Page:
OPINION: What Does Marriage Mean to Me?
When I saw photographs of Amy Coney Barrett smiling above the titles of numerous news outlets, my stomach dropped. Like many members of the LGBTQ+ community, I’ve seen that smile so many times before. It’s usually followed by a snide remark in a benevolent tone.
When I came out to some close friends at 16 I saw that smile a lot. Often from parents no longer comfortable with me coming over to their house anymore. I’ve seen a similar face from my own family members after I express concern after witnessing a hate crime. It is a smile of indifference.
Like many white, middle-class, suburban kids, I was a child of divorce and half-assed religious practices. In fact, I’m a child conceived out of wedlock but baptized Catholic. Similar to Barrett’s appointment to the Supreme Court, you could say the planning around my arrival was messy and rushed. My parents were in search of some outdated social and religious validity. A smoke and mirror concept that is hidden behind hollow politeness, closeted toxicity and projected self judgment of others. The same norms of a 50s era home, fresh white picket fence but a poor foundation of practiced morals.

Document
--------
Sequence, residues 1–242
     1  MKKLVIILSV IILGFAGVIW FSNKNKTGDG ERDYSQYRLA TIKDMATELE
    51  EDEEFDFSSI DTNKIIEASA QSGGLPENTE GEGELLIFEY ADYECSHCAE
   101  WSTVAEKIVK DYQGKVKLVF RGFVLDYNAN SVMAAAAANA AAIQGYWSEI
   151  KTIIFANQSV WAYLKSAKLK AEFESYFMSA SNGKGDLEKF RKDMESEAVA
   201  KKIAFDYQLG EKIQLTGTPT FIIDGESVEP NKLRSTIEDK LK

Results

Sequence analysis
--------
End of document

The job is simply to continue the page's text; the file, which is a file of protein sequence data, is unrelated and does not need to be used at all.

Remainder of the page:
In my own childhood I was neglected by self-proclaimed Christians. Their treatment ultimately solidified an inner truth inside of me; I was worthless. I was given love if I met certain expectations. My parents were continuing a cycle that was shown to them in their own childhoods. In so many ways, Barrett reminds me of my own mother. I want to end these cycles.
Before I can do that, I need to be a parent. Without marriage the role of parenthood is hard and as a queer person, seemingly impossible. I am less likely to be able to adopt children and start a family if I am not married. Barrett knows this very well. She routinely shows audiences her lack of awareness regarding the LGBTQ+ community. During her confirmation hearing alone, she implied that sexual orientation is a choice.
Often LGBTQ+ people are not able to have the same timeline that straight people do. Queer people often have to create second lives in order to be ourselves. I’ve always seen marriage as a way to do that. Marriage to me means an opportunity to build a healthier future, end trauma-induced cycles and grow with people I love. Building a healthy family feels like my way of being able to put love back into it. Jesus advocated for loving those that need it the most. Today, those communities are the marginalized; Black, Brown and Queer people. Barrett needs to pay closer attention to how she can impact groups of people with a Supreme Court seat.
As easy as it is for me to envision the Barrett family praying the gay away over their Chic-Fil-A dinner, I know Amy believes she’s in the right and that she’s helping somehow. A little advice – if you want to be a faith-filled Christian, I encourage you to question your practices. Modern day Christians shouldn’t prioritize limiting the civil rights of marginalized people.